Consequences of an undue influence challenge

If evidence shows that a will submitted to probate is not valid based on undue influence, the New York Surrogate’s Court will declare it invalid and will look to a prior will, if any. If there is a prior will that is valid, it will be probated. If there is not a prior valid will, the Surrogate’s Court will handle the estate based on New York’s rules of intestate succession. This mean that the decedent’s next of kin will be entitled to his (or her) estate. If the decedent has a surviving spouse and/or kids, they will get the entire estate. Otherwise it will go to other blood relatives based on priority rules. To learn more about intestate succession, contact a skilled undue influence attorney in New York.

However, not just anyone has the right to challenge a will based on undue influence or any other grounds. Under New York law, only those with standing have the legal right to object to a will. Those with standing include beneficiaries named in the current will, beneficiaries of the prior will, if any, and intestate heirs. These are the individuals who would stand to gain or lose financially based on the outcome of the will challenge.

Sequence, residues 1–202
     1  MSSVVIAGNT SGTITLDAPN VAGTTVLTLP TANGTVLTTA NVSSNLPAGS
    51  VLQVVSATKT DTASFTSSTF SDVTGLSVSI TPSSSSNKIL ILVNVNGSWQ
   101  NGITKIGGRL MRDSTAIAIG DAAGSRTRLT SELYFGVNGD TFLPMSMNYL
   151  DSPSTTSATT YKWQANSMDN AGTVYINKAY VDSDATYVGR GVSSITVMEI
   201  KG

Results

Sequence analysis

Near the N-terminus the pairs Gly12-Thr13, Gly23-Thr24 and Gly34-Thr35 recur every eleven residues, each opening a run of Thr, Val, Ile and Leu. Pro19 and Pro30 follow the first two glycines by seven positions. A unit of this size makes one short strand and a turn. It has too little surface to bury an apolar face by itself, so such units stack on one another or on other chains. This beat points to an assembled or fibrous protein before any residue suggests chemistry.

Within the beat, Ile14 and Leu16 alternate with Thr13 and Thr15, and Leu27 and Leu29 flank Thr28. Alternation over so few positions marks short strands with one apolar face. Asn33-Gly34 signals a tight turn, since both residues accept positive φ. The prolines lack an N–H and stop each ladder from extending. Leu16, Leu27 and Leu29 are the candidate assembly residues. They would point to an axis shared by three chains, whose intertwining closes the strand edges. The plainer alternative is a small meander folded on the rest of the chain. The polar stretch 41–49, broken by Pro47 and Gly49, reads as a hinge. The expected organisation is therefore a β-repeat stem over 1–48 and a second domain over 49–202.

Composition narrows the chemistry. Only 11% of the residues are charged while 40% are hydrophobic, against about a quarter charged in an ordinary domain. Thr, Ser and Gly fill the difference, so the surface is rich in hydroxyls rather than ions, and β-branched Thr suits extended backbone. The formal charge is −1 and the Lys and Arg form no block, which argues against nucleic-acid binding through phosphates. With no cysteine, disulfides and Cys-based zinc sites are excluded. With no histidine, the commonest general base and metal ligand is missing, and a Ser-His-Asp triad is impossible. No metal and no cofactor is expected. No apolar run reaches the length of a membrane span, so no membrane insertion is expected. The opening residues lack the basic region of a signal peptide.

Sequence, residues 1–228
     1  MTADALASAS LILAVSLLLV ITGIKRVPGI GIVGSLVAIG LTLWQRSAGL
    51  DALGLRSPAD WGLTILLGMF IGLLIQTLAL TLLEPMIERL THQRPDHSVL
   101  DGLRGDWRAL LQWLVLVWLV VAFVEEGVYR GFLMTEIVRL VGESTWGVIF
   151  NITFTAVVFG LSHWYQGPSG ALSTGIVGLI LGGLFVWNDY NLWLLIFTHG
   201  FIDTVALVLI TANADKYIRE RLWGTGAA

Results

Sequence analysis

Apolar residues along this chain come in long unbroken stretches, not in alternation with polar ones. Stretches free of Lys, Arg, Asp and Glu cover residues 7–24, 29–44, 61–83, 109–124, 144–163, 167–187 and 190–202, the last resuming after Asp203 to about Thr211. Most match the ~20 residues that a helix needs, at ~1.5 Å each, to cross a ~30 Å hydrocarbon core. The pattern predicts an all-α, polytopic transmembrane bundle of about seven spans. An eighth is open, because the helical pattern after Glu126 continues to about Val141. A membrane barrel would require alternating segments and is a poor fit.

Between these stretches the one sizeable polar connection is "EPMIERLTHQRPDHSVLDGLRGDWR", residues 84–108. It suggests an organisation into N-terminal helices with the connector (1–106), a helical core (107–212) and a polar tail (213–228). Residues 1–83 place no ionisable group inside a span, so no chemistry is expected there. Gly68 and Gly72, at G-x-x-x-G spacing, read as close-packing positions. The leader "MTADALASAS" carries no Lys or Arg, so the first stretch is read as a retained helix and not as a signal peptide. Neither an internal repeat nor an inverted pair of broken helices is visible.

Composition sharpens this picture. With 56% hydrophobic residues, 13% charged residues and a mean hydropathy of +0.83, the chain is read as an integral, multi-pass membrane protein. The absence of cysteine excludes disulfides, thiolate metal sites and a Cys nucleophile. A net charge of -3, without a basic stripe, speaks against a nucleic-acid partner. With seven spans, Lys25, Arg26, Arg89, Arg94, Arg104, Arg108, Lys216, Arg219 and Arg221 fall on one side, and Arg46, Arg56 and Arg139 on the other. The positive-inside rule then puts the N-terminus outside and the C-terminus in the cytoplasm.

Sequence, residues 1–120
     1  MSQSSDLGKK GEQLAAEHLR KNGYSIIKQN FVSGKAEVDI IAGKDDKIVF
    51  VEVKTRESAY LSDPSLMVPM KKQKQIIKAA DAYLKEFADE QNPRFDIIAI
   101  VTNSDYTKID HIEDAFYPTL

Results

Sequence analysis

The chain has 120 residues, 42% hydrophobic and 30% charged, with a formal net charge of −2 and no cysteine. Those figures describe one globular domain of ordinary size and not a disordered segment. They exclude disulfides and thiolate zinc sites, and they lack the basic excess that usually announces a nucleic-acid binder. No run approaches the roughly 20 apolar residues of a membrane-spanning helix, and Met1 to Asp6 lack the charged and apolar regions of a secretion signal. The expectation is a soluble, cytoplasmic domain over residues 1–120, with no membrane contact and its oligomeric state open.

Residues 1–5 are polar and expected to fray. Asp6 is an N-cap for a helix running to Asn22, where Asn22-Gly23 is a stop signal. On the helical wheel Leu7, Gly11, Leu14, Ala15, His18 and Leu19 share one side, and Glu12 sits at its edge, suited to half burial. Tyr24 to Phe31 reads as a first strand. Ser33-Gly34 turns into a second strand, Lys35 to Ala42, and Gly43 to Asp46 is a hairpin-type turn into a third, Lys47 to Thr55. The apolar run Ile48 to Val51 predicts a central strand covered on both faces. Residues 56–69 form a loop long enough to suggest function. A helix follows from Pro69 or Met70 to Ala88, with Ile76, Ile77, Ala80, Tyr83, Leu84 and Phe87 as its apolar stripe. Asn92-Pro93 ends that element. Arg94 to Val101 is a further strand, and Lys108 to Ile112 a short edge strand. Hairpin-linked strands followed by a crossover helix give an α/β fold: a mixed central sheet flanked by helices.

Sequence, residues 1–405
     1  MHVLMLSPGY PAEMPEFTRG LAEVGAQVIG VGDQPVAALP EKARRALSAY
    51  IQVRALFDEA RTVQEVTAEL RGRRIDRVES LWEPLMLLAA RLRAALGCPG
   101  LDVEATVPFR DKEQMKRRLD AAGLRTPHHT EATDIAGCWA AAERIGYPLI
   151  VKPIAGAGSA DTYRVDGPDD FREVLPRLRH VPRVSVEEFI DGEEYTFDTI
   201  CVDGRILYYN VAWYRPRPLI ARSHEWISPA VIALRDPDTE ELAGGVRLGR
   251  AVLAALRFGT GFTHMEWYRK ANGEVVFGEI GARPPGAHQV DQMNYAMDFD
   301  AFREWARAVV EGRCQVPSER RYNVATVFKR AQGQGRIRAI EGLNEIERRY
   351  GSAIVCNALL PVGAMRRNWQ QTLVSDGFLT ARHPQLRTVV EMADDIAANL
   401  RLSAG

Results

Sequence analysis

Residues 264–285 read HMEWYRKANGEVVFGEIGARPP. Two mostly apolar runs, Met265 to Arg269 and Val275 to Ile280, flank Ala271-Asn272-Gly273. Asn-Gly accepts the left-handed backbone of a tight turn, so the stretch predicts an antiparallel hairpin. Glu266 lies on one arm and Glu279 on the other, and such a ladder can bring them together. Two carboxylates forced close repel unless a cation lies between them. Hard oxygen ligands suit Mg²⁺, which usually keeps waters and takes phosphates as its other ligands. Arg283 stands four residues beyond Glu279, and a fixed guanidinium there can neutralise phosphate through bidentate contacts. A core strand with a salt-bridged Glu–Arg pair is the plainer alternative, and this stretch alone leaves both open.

Contact the Law Offices of Stephen Bilkis & Associates

If you are concerned about a will challenge or estate litigation based on a claim of undue influence, it is important that you are represented by a skilled undue influence attorney serving clients in New York who has the knowledge and resources to ensure that your legal rights are protected. The attorneys at the Law Offices of Stephen Bilkis & Associates have years of experience representing clients in matters relating to estate disputes. Contact us at 1-800-NY-NY-LAW (1-800-696-9529) to schedule a free, no obligation consultation regarding your case. We represent clients in the following locations: Manhattan, Bronx, Westchester County, Long Island, Brooklyn, Nassau County, Queens, Staten Island, and Suffolk County.